Casas y Palacios de España Hotels: Our History
Andalusia has a rich, cultural history that spans thousands of years: the historic centres of Cordoba, Granada, Baeza and Ubeda have all been awarded UNESCO World Heritage Site status, as has that of Seville where the impressive, artistic and historic legacy afforded to Seville natives has served to place it among one of the most important cities in Europe with regards culture. Our hotels in Sevilla and Cordoba, named Las Casas de la Juderia due to their locations in the Jewish districts of both cities, are different, unique, romantic and original. They are truly charming hotels and a stay in either of these establishments is one of the best experiences a traveller can enjoy. These hotels boast unique rooms that have been decorated in different Seville and Cordoba styles: for example, the art and culture of Cordoba is evident through the fine, handcrafted headboards in each room. This is an art form that has lasted through the centuries. Our hotels have all kinds of services and facilities available, while the gastronomy is also of particular importance. By dining in our establishments' restaurants (Emporion in Seville and Los Marqueses in Cordoba) you will be able to try different culinary delights that the Mediterranean Sea has afforded the region, as well as other traditional flavours native to Andalusian cuisine. Our dishes are always prepared using the finest produce and Andalusian culinary traditions.
Hotel Las Casas de la Judería de Sevilla
Hotel Las Casas de la Juderia (in the heart of Seville) is the perfect embodiment of the towns and eras that have provided this city with its name. The remains of pedestals, Roman statues, amphoras, earthenware jugs, antiques and original furniture grant every corner of the city a certain importance usually reserved for other spaces. That's why getting lost among the labyrinth of narrow streets and alleys (some of which were main streets) is one of the finest pleasures available to tourists. Once a town in the 15th Century, the 27 houses that make up this hotel are interconnected by 30 patios and "sevillano" courtyards.This is a small town in miniature where you can not only enjoy the large plants and antiques, you can also enjoy the endless, wonderful sound of its fountains. Come and enjoy a truly "sevillano" hotel.
Hotel Las Casas de la Judería de Córdoba
This building was transformed into a hotel by carefully respecting the structure's history and architecture. This has resulted in a uniquely charming hotel with all the facilities and services guests may need, in addition to a beautiful setting where you can enjoy some peace and quiet. Cordoba's Alcázar, which is a solid-walled fortress and palace, contains a large amount of evidence regarding the evolution of Cordoba architecture in its interior. Roman and Visigoth people lived with those of Arabic origin in this majestic site, which was the favoured spot of different city governors. When Cordoba was conquered by Ferdinand III of Castile in 1236, the building (which forms a part of the old Caliphal Palace) was completely destroyed. Alfonso X of Castile began its restoration and this was completed during the reign of Alfonso XI. Throughout history the building has had multiple uses: it was once the main headquarters of the Spanish Inquisition and once a prison (during the first half of the 19th Century). First-time visitors to this fortress are blown away by this almost rectangular construction with its immense stone walls and four towers (Los Leones, El Homenaje, La Inquisición and Las Palomas) that mark the four corners.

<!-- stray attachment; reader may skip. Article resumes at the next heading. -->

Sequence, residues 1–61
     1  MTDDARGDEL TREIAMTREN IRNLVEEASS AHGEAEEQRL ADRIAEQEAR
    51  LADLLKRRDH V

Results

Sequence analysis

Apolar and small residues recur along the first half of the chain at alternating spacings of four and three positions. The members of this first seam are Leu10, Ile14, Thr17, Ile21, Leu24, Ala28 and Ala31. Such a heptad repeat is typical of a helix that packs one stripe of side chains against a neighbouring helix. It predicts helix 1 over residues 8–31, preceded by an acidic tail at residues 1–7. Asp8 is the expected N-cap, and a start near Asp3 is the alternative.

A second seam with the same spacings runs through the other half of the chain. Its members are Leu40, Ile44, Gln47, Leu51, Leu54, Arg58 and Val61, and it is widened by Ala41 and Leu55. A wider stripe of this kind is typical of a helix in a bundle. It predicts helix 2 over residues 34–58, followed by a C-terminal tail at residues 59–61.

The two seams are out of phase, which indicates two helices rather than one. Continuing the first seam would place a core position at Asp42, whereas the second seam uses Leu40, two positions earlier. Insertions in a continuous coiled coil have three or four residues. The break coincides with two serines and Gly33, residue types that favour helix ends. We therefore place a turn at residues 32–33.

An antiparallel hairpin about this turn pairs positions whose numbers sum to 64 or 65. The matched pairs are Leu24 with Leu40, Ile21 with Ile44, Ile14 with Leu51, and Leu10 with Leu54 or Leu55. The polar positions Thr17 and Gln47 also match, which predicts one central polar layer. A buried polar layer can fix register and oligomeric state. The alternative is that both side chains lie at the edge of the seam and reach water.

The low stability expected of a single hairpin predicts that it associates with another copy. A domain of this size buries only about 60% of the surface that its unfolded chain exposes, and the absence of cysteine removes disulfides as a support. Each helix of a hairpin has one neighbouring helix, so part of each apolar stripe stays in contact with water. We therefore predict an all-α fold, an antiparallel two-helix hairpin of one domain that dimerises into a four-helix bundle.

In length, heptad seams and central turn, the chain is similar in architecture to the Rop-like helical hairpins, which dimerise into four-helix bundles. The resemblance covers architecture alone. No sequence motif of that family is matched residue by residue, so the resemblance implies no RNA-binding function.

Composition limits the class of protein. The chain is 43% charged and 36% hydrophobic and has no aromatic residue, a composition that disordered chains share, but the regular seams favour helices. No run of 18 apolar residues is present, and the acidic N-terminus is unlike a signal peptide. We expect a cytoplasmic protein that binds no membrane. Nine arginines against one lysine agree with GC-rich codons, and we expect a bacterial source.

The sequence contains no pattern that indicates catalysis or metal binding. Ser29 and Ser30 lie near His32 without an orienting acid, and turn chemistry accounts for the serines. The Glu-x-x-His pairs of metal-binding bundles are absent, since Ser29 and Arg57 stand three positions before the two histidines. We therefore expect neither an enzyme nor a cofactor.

Hotel El Monasterio de San Francisco
The VII Lord of Palma del Rio ordered the construction of this monastery in his will. The first construction was completed in 1492 and it seemed as though this date - the same year as the Discovery of America - would mark this monastery's life. Its monks evangelised and founded a multitude of cities in North America, including San Francisco and Los Angeles. Some of them, such as Brother Diego de Ubeda would achieve martyrdom near what is now Santa Barbara. Furthermore, they would have a profound influence on trade and agriculture of the era: for example, they taught people how to farm the wonderful oranges available in Palma del Rio. In the 19th Century, the building changed from its role as a church to the residence of the Moreno de la Cova family who lived there and restored it. At the end of the 20th Century, the building became a hotel. The austerity of the cells and the building's character were strictly respected. The hotel is comprised of 25 double rooms that have been decorated in a classic style, although they are all different. They each offer a full bathroom, many of which have a hairdryer, shower and hydromassage features. They all also have air-conditioning, a direct line telephone, satellite TV, safe, mini-bar and all the comforts you would expect of a hotel in this category.